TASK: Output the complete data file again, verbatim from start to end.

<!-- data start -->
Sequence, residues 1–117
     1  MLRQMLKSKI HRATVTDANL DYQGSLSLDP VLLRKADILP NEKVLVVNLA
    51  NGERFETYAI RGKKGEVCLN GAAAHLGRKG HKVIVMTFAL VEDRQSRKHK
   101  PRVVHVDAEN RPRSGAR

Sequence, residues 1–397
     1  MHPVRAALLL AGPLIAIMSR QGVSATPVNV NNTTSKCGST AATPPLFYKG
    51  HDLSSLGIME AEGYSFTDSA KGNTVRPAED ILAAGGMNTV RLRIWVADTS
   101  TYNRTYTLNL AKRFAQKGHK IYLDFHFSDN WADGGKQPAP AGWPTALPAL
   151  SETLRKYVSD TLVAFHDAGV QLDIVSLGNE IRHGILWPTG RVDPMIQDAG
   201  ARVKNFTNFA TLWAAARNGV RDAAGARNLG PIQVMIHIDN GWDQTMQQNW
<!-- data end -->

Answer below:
Sequence, residues 1–117
     1  MLRQMLKSKI HRATVTDANL DYQGSLSLDP VLLRKADILP NEKVLVVNLA
    51  NGERFETYAI RGKKGEVCLN GAAAHLGRKG HKVIVMTFAL VEDRQSRKHK
   101  PRVVHVDAEN RPRSGAR

Sequence, residues 1–397
     1  MHPVRAALLL AGPLIAIMSR QGVSATPVNV NNTTSKCGST AATPPLFYKG
    51  HDLSSLGIME AEGYSFTDSA KGNTVRPAED ILAAGGMNTV RLRIWVADTS
   101  TYNRTYTLNL AKRFAQKGHK IYLDFHFSDN WADGGKQPAP AGWPTALPAL
   151  SETLRKYVSD TLVAFHDAGV QLDIVSLGNE IRHGILWPTG RVDPMIQDAG
   201  ARVKNFTNFA TLWAAARNGV RDAAGARNLG PIQVMIHIDN GWDQTMQQNW